By Line Goyette
Under the Canadian Environmental Protection Act, 1999, the Canadian government is proposing the Regulations amending the products containing mercury. Consultation is open until March 9, 2023.
The Products Containing Mercury Regulations (the Regulations), which were published on November 19, 2014, and came into force on November 8, 2015, prohibit the manufacture and import of products containing mercury or any of its compounds.
The Regulations do not fully align with all the requirements of the Minamata Convention on Mercury (the Convention), which Canada ratified in 2017. Adjustments to the allowable mercury content limits of three lamp products that are exempt from the general mercury prohibition in the Regulations are required to fully align with the Convention. Other amendments to the Regulations are proposed to align with recent industry standards and international regulatory initiatives. Further, ongoing administration of the Regulations has identified the need to clarify some provisions of the regulatory text, such as those related to labelling, testing, reporting, and record keeping.
The proposed Amendments would ensure the Regulations meet the requirements under the Convention and in some cases, go beyond what is required in the Convention to further decrease mercury releases.
Amendments to align the Regulations with the requirements under the Convention
The proposed Amendments would lower the mercury content limit currently allowed for straight fluorescent lamps for general lighting purposes, cold cathode fluorescent lamps, and external electrode fluorescent lamps. For example, the mercury content limit for cold cathode fluorescent lamps that are 1.5 m or less in length would be lowered from 10 mg per lamp to 3.5 mg per lamp.
Prohibition dates for certain mercury-containing products and replacement lamps
The proposed Amendments would end the exemption for most mercury-containing lamps under the Regulations, as there are now widely available mercury-free alternatives for these products. Most lamps for general lighting purposes would be prohibited by January 1, 2024, while high-pressure sodium vapour lamps for general lighting purposes would be prohibited by January 1, 2029.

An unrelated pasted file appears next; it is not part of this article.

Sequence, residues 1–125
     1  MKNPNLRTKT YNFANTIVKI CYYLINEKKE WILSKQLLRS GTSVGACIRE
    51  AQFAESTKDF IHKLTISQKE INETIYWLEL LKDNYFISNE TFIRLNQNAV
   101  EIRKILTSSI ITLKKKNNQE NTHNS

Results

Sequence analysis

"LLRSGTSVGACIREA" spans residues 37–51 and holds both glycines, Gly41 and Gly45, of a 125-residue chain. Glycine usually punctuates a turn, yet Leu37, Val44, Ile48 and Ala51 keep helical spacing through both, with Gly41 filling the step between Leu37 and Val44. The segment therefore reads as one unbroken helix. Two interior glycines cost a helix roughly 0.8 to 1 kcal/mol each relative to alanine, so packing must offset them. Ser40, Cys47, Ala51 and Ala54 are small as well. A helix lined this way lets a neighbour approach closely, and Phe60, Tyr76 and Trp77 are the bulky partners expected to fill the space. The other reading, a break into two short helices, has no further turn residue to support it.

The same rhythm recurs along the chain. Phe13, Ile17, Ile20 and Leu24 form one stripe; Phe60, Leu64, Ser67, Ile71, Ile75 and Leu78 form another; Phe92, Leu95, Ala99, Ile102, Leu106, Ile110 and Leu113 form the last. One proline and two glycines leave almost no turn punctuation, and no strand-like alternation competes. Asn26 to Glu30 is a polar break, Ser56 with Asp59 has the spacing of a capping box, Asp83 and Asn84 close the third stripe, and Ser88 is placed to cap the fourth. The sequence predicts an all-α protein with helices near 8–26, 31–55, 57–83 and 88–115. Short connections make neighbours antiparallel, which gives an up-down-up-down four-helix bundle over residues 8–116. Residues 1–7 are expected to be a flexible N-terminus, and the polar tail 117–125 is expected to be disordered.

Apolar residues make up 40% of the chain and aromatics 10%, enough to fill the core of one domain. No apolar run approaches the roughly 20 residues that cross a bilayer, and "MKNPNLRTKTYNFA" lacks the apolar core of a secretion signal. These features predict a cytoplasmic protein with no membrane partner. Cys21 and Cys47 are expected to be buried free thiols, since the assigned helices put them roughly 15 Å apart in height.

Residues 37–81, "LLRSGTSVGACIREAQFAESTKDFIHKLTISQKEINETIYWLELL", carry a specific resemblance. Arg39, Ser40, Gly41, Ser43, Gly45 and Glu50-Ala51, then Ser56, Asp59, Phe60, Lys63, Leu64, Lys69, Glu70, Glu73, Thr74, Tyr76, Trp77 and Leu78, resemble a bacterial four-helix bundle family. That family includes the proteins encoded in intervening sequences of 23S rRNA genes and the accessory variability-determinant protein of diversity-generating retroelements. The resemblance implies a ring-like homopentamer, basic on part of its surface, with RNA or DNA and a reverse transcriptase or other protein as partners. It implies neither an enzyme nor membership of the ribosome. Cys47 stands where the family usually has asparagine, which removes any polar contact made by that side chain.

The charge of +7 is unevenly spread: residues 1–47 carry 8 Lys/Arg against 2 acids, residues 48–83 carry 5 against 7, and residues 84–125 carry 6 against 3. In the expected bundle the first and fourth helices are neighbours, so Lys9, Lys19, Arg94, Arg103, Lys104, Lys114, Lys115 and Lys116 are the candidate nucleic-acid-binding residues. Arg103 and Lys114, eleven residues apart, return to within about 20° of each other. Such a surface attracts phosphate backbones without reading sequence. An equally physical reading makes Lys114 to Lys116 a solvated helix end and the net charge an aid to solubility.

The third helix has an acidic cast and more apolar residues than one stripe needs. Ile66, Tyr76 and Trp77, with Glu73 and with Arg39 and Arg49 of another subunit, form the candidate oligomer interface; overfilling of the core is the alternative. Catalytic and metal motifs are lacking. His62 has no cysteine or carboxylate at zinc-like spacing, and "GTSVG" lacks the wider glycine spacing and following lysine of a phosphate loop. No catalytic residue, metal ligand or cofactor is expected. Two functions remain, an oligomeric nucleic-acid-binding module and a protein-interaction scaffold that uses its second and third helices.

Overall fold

For transition purposes, specified replacement lamps would be allowed for a 3-year period under the proposed Amendments to replace lamps that were already in use. The sale of these replacement lamps would be prohibited two years after their exemption expires, in order to avoid issues of stockpiling while allowing retailers to sell their stock. In addition, replacement bulbs for existing automobile headlamps would be allowed with no end date.
The proposed Amendments would also create three new categories of exempted lamps in the schedule. These three categories are lamps used for growing plants, lamps for water treatment and lamps for air treatment. These types of lamps are currently exempted under a broad category that covers all specialty lamps. The objective of creating these new categories is to prohibit the first new category (plant growing), starting in 2028. For the two other new categories (air and water treatment lamps), no prohibition is proposed at this time. Naming them in the exempted products would allow the Department to have a better understanding of the quantity of each lamp type manufactured and imported in Canada, since the catch-all category does not require reporters to provide this level of detail.
To take part in the consultation or find out more about this draft regulation and the economic and environmental impacts, go to https://canadagazette.gc.ca/rp-pr/p1/2022/2022-12-24/html/reg1-eng.html